OSLO - Norway’s left-leaning government appeared to have won reelection yesterday after using oil money to shield the Nordic welfare state from the global recession, exit polls and near-complete results showed.
If the results are confirmed, it would be the first time a government in Norway has survived an election in 16 years.
An official projection with 98 percent of votes counted showed Prime Minister Jens Stoltenberg’s Labor-led coalition winning 86 seats to keep a slim majority in the 169-seat Parliament. Exit polls by broadcasters NRK and TV2 suggested similar results.
“Labor has had a very good election. . . . Let’s hope it’s enough to go all the way,’’ Stoltenberg told supporters chanting “four more years.’’ He stopped short of declaring victory.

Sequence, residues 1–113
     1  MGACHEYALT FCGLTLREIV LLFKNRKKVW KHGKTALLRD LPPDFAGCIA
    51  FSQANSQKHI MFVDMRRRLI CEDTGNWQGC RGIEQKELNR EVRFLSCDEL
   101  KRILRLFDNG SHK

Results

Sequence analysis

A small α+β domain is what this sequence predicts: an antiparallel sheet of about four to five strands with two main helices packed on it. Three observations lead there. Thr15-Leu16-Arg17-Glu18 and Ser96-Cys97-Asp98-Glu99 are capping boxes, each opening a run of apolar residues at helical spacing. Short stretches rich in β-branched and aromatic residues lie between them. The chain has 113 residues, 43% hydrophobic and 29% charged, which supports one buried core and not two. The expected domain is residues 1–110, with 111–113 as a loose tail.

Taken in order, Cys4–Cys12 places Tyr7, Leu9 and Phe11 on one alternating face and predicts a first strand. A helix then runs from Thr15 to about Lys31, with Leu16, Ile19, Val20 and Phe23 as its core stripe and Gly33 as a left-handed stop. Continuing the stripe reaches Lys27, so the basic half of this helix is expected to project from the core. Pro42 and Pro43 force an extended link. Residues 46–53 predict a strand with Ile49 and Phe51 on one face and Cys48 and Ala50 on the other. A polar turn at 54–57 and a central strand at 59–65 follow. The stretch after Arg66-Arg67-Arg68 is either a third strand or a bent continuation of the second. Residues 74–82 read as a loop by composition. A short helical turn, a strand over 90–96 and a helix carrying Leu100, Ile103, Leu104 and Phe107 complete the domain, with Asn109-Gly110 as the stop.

Foreign Minister Jonas Gahr Stoere, also of the Labor Party, said the result indicated Norway would continue to buck a trend that has seen center-right blocs take power in Sweden, Denmark and Finland.
Leaders of the fragmented opposition all but conceded defeat.
“Everything suggests that . . . Jens Stoltenberg and Labor have won the election,’’ said Siv Jensen, who heads the right-wing populist Progress Party.
Norway has escaped the financial crisis largely unscathed, partly by tapping into its oil- and gas-fueled sovereign wealth fund, currently valued at more than $400 billion.